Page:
sticky_symbols t1_j9w9b6e wrote

There's obviously intelligence under some definitions. It meets a weak definition of AGI since it reasons about a lot of things almost as well as the average human.

And yes, I know how it works and what its limitations are. It's not that useful yet, but discounting it entirely is as silly as thinking it's the AGI we're looking for.


sticky_symbols t1_j9w3kze wrote

The thing about chatGPT is that everyone talked about it and tried it. I and most ML folks hadn't tried GPT3

Everyone I know of was pretty shocked at how good GPT3 is. It did change timelines in the folks I know of, including the ones that think about timelines a lot as part of their jobs.


sticky_symbols t1_j9rezil wrote

ML researchers worry a lot less than AGI safety people. I think that's because only the AGI safety people spend a lot of time thinking about getting all the way to agentic superhuman intelligence.

If we're building tools, not much need to worry.

If we're building beings with goals, smarter than ourselves, time to worry.

Now: do you think we'll all stop with tools? Or go on to build cool agents that think and act for themselves?


sticky_symbols t1_j9m8yn3 wrote

Asimov's rules don't work, and many of the stories were actually about that. But they also don't include civilization ending mistakes. The movie I Robot actually did a great job updating that premise, I think.

One counterintuitive thing is that people in the field of AI are way harder to convince than civilians. They have a vested interest in research moving ahead full speed.

As for your bs detector, I'm don't know what to say. And I'm not linking this account to my real identity. You can believe me or not.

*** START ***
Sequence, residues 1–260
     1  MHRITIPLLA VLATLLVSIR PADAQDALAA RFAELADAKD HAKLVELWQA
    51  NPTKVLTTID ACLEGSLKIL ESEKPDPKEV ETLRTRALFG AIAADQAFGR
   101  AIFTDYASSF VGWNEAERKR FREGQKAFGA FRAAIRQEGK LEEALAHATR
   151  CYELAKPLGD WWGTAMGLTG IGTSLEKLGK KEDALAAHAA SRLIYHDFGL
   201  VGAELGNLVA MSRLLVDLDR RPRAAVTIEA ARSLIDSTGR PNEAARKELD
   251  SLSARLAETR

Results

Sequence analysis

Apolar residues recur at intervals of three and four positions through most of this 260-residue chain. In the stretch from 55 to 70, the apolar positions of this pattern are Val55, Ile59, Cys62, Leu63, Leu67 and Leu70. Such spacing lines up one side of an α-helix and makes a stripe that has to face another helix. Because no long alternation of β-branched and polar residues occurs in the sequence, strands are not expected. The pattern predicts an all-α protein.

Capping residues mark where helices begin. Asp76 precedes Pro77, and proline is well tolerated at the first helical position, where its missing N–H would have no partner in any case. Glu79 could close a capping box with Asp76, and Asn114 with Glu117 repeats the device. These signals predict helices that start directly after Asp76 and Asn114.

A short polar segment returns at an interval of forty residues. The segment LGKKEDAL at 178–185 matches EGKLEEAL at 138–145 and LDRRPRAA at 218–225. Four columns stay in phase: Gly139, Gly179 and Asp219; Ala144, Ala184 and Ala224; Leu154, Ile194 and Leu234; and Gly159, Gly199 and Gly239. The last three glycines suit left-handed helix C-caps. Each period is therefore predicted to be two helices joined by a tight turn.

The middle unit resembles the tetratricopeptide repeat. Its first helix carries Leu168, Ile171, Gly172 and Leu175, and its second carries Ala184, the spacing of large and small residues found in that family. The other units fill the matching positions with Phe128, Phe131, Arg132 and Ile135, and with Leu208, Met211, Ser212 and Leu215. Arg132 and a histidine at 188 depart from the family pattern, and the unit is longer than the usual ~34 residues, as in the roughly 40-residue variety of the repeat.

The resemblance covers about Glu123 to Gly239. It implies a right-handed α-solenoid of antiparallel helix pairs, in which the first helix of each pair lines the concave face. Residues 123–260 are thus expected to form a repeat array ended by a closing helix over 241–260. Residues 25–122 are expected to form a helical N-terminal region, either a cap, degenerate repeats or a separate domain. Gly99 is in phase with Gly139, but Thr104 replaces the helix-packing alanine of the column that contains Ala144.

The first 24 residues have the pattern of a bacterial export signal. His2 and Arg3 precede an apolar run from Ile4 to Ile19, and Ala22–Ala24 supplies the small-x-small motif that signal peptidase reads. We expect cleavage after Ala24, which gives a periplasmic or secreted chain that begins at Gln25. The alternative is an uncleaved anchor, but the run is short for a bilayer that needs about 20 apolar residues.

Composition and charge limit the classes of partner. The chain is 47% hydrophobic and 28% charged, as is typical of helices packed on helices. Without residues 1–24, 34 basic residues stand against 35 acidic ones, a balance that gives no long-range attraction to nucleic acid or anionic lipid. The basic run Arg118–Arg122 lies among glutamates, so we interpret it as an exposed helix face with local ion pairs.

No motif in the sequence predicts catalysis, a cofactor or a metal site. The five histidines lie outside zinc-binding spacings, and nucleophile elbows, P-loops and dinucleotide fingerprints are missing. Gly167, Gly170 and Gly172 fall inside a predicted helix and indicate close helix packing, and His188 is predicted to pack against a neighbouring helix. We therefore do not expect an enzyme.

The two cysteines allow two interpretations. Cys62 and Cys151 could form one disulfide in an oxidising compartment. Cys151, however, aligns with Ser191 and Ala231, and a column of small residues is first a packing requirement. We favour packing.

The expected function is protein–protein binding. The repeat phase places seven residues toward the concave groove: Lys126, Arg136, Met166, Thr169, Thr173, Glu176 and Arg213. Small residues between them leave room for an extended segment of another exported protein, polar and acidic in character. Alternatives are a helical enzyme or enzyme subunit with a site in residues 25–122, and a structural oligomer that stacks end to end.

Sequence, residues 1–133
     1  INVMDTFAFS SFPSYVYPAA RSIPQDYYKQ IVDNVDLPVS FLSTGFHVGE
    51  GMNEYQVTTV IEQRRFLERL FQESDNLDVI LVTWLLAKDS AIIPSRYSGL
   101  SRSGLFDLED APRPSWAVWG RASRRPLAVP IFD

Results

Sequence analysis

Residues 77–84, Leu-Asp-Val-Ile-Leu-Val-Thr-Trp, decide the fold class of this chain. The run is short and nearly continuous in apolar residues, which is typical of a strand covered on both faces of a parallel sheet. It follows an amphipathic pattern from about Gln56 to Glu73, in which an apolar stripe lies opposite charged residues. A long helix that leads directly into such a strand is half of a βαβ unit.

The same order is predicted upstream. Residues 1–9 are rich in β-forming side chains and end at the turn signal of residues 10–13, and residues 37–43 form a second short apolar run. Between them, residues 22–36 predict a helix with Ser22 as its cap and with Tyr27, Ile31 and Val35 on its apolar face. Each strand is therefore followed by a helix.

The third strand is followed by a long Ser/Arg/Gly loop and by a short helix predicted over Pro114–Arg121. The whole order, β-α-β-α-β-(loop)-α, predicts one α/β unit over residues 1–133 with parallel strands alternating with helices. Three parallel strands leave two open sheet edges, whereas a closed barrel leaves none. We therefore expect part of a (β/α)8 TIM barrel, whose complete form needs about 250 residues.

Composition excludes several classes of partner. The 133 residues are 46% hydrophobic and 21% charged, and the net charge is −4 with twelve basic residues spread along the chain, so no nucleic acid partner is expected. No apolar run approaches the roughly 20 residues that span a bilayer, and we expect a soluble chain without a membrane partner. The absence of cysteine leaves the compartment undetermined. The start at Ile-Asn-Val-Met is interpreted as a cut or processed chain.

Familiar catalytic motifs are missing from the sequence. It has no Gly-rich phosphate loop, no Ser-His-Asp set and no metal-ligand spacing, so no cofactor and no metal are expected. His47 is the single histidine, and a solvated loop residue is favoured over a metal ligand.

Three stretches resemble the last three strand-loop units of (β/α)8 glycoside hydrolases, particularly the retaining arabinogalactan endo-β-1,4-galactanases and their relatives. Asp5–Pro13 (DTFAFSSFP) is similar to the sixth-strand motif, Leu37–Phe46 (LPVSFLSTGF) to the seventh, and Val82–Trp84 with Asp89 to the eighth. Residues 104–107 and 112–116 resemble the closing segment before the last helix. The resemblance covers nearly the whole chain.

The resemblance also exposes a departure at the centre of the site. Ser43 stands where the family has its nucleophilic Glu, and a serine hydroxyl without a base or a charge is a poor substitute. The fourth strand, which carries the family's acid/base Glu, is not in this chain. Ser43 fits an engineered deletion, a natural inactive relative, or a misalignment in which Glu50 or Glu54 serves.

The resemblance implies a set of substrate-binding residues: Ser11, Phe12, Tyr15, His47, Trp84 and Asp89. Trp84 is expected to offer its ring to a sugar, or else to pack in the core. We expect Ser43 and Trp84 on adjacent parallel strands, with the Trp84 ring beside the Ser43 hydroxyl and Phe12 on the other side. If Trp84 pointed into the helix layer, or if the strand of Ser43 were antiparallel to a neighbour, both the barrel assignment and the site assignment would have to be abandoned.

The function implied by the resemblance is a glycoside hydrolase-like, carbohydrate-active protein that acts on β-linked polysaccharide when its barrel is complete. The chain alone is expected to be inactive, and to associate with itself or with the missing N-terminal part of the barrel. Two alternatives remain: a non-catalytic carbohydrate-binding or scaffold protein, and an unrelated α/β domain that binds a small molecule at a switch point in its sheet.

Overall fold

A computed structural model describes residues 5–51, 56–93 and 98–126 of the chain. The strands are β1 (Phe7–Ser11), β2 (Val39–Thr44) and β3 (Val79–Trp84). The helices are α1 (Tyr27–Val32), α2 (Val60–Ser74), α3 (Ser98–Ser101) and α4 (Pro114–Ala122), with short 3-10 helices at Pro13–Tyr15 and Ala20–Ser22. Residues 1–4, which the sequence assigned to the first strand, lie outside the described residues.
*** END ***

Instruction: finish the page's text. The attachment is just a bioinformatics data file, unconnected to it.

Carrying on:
If you're skeptical that such a field exists, you can look at the Alignment Forum as the principle place that we publish.


sticky_symbols t1_j9gxu26 wrote

It's probably mostly a side effect of being able to simulate possible futures. This helps in planning and selecting actions based on likely outcomes several steps away.

And yes, that is also crucial for how we experience our consciousness.


sticky_symbols t1_j9gwa67 wrote

He's the direct father of the whole AGI safety field. I got interested after reading an article by him in maybe 2004. Bostrom credits him with many of the ideas in Superintelligence, including the core logic about alignment being necessary for human survival.

Now he's among the least optimistic. And he's not necessarily wrong.

He could be a little nicer and more optimistic about others' intelligence.


sticky_symbols t1_j8g5ij0 wrote

I'm pretty deep into this field. I have published in the field, and have followed it almost since it started with Yudkowsky.

I believe they both have strong arguments. Or rather, those who share Altmann's cautious-but-optimistic view have strong arguments.

But both arguments are based on how AGI will be built. And we simply don't know that. So we can't accurately guess our odds.

But it's for sure that working hard on this problem will improve our odds of a really good future over disaster.


sticky_symbols t1_j7y4etr wrote

This is an excellent point. Many of us are probably underestimating timelines based on a desire to believe. Motivated reasoning and confirmation bias are huge influences.

You probably shouldn't have mixed it with an argument for longer timelines. That will give an excuse to argue that and ig ore the point.

The reasonable estimate is very wide. Nobody knows how easy or hard it might be to create AGI. I've looked at all of the arguments, and have enough expertise to understand them. Nobody knows.


sticky_symbols t1_j5kqu80 wrote

You can definitely predict some things outside of five years with good accuracy. Look at Moore's Law. That's way more accurate than predictions need to be to be useful. Sure if nukes were exchanged all bets are off, but outside of that I just disagree with your statement. For instance: will China's gender imbalance cause them trouble in ten years? It almost certainly will.